Unlike the Aussies, Korea decided against calling up any European-based players. Coach Choi Kang-hee came to the conclusion that there just wasn't any point disrupting their club careers to drag them over to East Asia for a friendly game in the middle of busy domestic schedules. For Korea, this wasn't a chance to look at young players - most first choice players are younger than the ones who started last night - but it was an opportunity to give some local talent a chance, especially in defence.

Kang-hee never really wanted the job in the first place and he does not give the impression that he enjoys it. As he only smiles upon winning major championships at home or in Asia, it is hard to tell. One thing is for sure, he is never going to get excited about a friendly goal, no matter how easy it is on the eye. Accordingly, he didn't flinch too much when Dong-gook found the net, and everything went downhill from there.

The blow for Korea came on the half hour mark when their best player Lee Keun-ho was carried off, taking the hosts' ascendancy with him. Australia started to come into the match and just before the break, Dutch-based Tommy Oar had the vision to spot Nikita Rukavytsya with a modicum of space in a crowded area and the skill to pick him out with a precision pass. The Mainz marksman did the rest.

While Korea made a slew of substitutions at half-time, Australia coach Holger Osieck introduced his replacements gradually and, just as slowly, the aimless balls out of defence disappeared, the distribution from the back improved and the Aussies started to play. Tom Rogic was the one that all were waiting for and when the teenage midfielder took the pitch midway through the second half, the small Aussie press contingent were on their feet to salute the start of what could be a lengthy career.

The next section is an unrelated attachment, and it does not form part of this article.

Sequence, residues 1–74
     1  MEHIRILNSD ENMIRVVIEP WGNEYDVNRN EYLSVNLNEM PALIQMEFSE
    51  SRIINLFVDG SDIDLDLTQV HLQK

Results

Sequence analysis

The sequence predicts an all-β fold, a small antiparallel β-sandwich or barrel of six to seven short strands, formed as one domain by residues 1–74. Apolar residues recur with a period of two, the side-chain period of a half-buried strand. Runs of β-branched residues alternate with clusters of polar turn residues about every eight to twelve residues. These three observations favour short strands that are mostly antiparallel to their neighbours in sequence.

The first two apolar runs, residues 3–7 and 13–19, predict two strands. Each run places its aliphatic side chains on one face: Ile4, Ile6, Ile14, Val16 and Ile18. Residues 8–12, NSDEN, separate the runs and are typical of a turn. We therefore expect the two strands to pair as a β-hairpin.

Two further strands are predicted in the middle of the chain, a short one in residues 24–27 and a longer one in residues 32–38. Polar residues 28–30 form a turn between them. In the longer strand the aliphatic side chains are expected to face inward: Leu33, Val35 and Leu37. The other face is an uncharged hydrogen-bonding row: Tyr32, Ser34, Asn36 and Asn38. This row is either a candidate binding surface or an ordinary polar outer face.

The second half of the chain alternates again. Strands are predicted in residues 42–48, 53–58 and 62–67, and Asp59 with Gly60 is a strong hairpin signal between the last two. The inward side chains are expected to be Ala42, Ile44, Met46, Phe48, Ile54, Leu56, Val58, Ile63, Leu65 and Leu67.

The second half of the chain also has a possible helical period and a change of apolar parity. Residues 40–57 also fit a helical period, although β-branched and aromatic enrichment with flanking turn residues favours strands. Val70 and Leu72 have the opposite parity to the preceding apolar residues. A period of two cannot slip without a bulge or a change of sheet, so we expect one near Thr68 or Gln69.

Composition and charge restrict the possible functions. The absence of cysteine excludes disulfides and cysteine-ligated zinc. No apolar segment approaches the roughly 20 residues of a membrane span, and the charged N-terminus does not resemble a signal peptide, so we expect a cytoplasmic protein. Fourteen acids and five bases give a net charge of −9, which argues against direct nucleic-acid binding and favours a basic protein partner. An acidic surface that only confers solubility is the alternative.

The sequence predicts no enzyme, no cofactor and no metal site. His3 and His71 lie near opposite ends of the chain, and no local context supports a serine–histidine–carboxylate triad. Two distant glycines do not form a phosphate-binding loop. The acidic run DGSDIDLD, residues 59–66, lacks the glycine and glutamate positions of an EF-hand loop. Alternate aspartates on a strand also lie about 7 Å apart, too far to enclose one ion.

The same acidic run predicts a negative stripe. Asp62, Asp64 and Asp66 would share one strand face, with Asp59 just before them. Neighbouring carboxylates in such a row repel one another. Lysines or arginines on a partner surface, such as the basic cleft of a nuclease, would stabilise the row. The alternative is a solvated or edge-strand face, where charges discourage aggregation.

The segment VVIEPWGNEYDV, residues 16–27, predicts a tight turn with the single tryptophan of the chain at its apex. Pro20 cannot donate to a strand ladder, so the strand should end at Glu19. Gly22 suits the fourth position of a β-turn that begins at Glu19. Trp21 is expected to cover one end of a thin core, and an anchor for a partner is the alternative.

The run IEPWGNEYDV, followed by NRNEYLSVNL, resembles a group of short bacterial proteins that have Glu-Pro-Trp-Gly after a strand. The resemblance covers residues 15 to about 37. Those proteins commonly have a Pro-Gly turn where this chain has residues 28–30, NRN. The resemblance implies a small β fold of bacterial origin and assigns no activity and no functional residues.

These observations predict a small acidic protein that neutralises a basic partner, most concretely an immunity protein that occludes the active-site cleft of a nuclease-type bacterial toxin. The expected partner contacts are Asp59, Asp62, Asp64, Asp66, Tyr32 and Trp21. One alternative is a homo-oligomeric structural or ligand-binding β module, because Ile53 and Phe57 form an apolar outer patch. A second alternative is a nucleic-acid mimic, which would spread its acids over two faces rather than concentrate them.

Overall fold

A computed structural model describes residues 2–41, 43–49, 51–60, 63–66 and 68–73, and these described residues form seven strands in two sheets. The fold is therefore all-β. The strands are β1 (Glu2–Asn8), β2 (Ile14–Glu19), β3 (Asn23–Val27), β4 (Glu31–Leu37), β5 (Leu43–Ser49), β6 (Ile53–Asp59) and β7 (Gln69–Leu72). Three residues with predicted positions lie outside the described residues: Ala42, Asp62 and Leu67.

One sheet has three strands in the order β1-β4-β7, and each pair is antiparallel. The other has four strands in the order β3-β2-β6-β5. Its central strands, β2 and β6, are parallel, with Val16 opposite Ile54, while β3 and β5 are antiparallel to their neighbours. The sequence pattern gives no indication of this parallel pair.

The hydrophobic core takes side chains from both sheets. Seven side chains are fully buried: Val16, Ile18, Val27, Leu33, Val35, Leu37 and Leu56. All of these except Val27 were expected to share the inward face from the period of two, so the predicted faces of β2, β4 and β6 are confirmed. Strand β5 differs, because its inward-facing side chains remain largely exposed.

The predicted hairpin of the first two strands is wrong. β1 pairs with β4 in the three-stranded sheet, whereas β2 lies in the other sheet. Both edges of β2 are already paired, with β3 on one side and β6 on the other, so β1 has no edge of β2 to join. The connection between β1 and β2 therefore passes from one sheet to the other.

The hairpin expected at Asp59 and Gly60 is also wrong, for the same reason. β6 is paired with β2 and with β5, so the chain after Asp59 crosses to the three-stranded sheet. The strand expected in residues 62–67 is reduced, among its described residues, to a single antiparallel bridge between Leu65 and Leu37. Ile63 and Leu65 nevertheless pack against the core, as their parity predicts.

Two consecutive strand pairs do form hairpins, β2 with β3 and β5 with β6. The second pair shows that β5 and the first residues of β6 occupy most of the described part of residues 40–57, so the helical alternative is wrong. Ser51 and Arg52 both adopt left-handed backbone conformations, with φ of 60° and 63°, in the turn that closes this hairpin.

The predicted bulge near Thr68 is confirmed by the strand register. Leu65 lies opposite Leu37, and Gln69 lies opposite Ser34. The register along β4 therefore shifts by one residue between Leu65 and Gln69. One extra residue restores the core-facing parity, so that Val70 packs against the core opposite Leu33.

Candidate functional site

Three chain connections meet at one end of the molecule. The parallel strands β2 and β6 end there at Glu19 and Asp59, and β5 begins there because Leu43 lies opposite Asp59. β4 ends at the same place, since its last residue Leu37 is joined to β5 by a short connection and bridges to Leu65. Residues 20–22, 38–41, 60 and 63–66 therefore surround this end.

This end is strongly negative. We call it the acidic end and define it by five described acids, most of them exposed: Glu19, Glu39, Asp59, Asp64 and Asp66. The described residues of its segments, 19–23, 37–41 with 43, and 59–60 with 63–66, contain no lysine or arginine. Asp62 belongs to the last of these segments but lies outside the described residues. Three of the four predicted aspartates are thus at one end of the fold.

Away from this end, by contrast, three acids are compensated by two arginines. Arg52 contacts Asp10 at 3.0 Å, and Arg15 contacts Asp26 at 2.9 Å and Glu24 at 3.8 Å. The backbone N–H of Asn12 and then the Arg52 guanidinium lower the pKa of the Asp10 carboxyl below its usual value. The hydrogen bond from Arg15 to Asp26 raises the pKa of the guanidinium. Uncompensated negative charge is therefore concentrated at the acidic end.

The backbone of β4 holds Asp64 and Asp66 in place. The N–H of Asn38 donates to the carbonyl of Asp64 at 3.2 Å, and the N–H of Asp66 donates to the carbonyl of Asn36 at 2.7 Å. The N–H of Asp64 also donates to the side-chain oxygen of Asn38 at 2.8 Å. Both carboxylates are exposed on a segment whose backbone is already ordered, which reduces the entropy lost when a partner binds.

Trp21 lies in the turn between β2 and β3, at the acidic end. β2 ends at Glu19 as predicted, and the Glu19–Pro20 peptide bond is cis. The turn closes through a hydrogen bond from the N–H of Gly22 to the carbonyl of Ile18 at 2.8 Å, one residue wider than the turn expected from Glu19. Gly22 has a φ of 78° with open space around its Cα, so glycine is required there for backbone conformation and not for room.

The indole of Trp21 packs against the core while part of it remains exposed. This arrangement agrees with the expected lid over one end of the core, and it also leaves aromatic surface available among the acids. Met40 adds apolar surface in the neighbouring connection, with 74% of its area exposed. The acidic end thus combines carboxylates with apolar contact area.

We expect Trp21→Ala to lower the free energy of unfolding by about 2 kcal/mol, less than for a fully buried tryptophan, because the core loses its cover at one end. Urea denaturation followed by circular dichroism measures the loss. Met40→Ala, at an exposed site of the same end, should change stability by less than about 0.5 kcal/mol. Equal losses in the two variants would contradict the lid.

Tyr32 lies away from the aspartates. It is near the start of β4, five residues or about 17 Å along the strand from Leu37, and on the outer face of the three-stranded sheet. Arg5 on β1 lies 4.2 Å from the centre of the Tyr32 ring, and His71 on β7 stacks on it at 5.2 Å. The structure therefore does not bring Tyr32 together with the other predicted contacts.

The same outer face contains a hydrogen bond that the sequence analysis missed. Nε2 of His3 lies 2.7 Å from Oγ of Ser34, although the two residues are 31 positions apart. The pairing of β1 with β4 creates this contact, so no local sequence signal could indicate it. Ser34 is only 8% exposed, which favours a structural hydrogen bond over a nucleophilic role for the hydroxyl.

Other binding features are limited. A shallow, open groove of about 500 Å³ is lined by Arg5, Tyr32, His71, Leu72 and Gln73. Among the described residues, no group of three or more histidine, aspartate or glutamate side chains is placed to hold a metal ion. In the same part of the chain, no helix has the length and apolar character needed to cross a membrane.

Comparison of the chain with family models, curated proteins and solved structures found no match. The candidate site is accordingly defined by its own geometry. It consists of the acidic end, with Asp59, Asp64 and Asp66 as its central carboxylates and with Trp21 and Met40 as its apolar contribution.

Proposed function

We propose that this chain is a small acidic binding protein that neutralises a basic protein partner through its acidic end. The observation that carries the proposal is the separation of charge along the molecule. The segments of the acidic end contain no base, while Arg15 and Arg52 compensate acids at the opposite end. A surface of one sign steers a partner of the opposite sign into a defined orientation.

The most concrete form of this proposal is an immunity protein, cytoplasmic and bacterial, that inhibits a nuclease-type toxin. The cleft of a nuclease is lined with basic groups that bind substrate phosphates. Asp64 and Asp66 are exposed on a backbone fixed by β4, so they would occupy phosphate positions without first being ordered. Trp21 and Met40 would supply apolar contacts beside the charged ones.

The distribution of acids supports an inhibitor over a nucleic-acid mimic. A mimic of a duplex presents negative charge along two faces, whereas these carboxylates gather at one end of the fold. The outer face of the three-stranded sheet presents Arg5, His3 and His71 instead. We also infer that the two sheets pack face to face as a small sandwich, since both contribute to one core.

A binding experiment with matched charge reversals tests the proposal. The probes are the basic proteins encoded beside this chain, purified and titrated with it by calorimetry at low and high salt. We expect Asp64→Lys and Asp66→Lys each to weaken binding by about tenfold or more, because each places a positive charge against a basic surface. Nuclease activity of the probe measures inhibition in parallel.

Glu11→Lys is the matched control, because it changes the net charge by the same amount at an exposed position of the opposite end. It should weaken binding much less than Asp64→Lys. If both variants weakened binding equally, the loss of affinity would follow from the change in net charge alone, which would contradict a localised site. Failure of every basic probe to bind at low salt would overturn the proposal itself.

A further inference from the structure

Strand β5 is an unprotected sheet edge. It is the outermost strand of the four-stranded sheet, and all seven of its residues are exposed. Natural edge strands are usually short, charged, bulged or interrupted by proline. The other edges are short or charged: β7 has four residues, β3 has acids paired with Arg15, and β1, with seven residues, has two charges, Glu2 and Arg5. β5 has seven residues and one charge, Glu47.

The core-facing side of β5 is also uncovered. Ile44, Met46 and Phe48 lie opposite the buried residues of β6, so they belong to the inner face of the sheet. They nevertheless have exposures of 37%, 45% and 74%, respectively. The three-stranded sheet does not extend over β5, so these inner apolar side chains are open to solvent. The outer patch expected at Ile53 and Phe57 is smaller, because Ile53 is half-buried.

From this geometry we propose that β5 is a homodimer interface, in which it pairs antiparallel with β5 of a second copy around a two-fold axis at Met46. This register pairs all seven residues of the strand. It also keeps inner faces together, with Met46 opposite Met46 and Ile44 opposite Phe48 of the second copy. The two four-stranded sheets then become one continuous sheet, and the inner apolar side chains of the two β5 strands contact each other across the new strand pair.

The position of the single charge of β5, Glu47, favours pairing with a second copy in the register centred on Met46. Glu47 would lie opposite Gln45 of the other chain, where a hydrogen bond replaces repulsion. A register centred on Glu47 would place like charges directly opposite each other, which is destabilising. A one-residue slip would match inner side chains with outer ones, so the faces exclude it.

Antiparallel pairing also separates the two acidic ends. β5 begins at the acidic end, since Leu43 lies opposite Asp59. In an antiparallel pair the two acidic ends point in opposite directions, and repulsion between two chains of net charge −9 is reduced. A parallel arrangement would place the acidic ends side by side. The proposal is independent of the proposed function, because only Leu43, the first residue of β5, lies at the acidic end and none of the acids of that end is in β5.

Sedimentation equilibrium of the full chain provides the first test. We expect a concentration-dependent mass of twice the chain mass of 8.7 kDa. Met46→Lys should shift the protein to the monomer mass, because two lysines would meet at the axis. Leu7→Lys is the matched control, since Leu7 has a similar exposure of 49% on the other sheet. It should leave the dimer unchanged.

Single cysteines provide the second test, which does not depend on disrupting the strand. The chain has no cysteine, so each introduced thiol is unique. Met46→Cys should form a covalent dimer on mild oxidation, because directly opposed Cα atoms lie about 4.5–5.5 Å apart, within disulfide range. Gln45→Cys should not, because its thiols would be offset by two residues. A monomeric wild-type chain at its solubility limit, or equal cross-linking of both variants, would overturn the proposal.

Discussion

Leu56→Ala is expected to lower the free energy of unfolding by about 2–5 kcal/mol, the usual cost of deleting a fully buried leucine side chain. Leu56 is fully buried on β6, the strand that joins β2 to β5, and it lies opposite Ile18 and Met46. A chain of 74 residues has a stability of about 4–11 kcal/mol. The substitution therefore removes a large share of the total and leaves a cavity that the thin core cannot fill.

Already known to East Asian clubs after the Asian Champions League, the Central Coast man settled into the game instantly, linking up with his team-mates as if they had been playing together for a decade rather than a day, and driving forward at every opportunity.

The Koreans struggled to create anything when they had the ball or pressure their opponents when they didn't - though with a 44-game K-League season about to end, some of the men in red have played over 50 games in the past eight months - and when giant defender Robert Cornthwaite poked home from inches out with two minutes remaining, it brought a win that Australia deserved. By the end of the 90 minutes, there were seven players in the green and gold under 24 and perhaps the most pertinent point was that Australia were at their best when they were at their youngest. The result was not important, although, it always is, especially when you lose. Korea have now lost two and drawn one of its last three games, all against Asian opposition, and questions continue to be asked of the coach, while Australia, for whom the football world was coming to an end just two months ago after defeat in Jordan, are suddenly feeling much happier about the present and the future.

Thanks to these young Socceroos, whatever the name of Hwaseong means to Koreans, it will always have a special place in the hearts of Aussie fans.